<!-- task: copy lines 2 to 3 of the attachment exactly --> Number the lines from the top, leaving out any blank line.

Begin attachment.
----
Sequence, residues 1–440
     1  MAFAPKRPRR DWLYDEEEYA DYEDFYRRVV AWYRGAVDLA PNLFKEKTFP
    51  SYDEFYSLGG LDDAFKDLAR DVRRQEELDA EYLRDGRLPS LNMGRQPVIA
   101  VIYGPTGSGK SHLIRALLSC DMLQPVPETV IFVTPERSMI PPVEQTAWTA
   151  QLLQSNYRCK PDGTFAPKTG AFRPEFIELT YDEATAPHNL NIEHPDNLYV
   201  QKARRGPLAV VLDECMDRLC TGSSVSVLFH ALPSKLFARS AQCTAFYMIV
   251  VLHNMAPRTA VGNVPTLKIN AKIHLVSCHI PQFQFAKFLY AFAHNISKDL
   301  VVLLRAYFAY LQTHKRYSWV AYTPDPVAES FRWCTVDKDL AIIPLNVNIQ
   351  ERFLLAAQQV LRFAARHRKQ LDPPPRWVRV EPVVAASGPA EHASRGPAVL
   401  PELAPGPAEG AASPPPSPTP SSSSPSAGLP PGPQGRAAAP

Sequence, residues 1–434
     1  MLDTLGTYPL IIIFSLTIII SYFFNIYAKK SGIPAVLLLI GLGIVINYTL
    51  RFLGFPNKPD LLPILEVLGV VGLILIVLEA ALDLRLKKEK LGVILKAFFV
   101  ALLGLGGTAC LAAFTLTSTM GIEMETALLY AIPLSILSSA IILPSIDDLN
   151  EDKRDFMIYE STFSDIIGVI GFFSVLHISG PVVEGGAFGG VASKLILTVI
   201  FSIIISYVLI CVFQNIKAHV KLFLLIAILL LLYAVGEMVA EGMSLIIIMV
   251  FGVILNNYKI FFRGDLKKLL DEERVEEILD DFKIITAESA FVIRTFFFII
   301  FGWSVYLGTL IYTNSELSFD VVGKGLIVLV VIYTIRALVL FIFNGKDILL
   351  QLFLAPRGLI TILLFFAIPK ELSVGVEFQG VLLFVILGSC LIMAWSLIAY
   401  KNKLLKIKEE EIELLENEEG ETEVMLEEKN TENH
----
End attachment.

     1  MAFAPKRPRR DWLYDEEEYA DYEDFYRRVV AWYRGAVDLA PNLFKEKTFP
    51  SYDEFYSLGG LDDAFKDLAR DVRRQEELDA EYLRDGRLPS LNMGRQPVIA